Trucking no longer is benefitting from a major market imbalance that caused spot market rates to climb to record highs last year, but the overall market and freight demand are still historically strong, according to economists and analysts that spoke last week at the annual FTR Transportation Conference in Indianapolis, Indiana.
“It feels like a cliff,” said FTR CEO Eric Starks, but the freight market is simply “in a holding pattern,” he says.
Growth in the economy has slowed, and freight demand is flat. Combined with an easing in trucking capacity, spot market rates have moved sharply downward over the past year. In recent months, they’ve trended below the five-year average, says Avery Vise, vice president of trucking at FTR.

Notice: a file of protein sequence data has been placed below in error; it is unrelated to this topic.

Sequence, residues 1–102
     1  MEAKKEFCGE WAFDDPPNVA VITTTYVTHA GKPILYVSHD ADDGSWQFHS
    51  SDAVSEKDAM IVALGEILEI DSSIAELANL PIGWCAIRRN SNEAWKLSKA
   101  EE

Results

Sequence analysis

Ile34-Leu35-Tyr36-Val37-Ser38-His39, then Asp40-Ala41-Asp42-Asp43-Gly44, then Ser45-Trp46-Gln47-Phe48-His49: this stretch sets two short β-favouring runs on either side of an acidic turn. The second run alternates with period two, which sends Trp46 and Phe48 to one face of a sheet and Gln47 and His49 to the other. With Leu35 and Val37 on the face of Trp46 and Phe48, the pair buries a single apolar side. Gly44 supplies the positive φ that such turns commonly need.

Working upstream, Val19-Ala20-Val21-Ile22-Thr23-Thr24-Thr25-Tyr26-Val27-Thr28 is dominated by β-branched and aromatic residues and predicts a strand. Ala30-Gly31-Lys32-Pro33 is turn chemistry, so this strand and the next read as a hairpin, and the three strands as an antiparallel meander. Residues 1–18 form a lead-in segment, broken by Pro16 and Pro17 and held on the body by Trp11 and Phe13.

But contract rates, under which roughly 75 percent of freight is moved, have been stable. They didn’t soar like spot market rates, but they were also insulated from the cyclical swing downward.
“What a difference a year makes,” said Bill Matheson, senior vice president and chief commercial officer at Schneider National. “It speaks more to 2018 than 2019. While it feels much different than 2018, we’re actually in the middle of a good year.”
For freight movement, 2019 likely will be the second best year in the long recovery period since the 2008 and 2009 recession, Matheson said. Recently, meeting with 25-30 shippers, Matheson said all but two said their volumes were up year over year compared to 2018. “I believe we’re in a fairly robust economic condition,” he said.